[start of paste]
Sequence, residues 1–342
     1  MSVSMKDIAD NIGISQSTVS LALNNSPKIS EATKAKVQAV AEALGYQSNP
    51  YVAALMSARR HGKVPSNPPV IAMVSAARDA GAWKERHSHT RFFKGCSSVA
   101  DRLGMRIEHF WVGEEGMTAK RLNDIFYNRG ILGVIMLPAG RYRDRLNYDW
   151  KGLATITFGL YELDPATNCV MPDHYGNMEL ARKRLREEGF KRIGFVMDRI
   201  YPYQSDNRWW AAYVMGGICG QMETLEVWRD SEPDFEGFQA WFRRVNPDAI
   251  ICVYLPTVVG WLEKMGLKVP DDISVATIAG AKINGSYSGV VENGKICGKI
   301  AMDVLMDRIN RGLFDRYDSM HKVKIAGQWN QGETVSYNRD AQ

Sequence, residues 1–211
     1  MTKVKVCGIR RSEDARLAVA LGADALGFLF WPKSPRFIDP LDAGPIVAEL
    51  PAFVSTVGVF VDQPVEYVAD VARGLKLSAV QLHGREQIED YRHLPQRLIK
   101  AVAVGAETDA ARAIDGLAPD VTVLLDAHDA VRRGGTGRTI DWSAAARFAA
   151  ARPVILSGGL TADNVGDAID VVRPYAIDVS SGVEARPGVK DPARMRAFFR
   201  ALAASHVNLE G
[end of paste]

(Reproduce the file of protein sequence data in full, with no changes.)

Sequence, residues 1–342
     1  MSVSMKDIAD NIGISQSTVS LALNNSPKIS EATKAKVQAV AEALGYQSNP
    51  YVAALMSARR HGKVPSNPPV IAMVSAARDA GAWKERHSHT RFFKGCSSVA
   101  DRLGMRIEHF WVGEEGMTAK RLNDIFYNRG ILGVIMLPAG RYRDRLNYDW
   151  KGLATITFGL YELDPATNCV MPDHYGNMEL ARKRLREEGF KRIGFVMDRI
   201  YPYQSDNRWW AAYVMGGICG QMETLEVWRD SEPDFEGFQA WFRRVNPDAI
   251  ICVYLPTVVG WLEKMGLKVP DDISVATIAG AKINGSYSGV VENGKICGKI
   301  AMDVLMDRIN RGLFDRYDSM HKVKIAGQWN QGETVSYNRD AQ

Sequence, residues 1–211
     1  MTKVKVCGIR RSEDARLAVA LGADALGFLF WPKSPRFIDP LDAGPIVAEL
    51  PAFVSTVGVF VDQPVEYVAD VARGLKLSAV QLHGREQIED YRHLPQRLIK
   101  AVAVGAETDA ARAIDGLAPD VTVLLDAHDA VRRGGTGRTI DWSAAARFAA
   151  ARPVILSGGL TADNVGDAID VVRPYAIDVS SGVEARPGVK DPARMRAFFR
   201  ALAASHVNLE G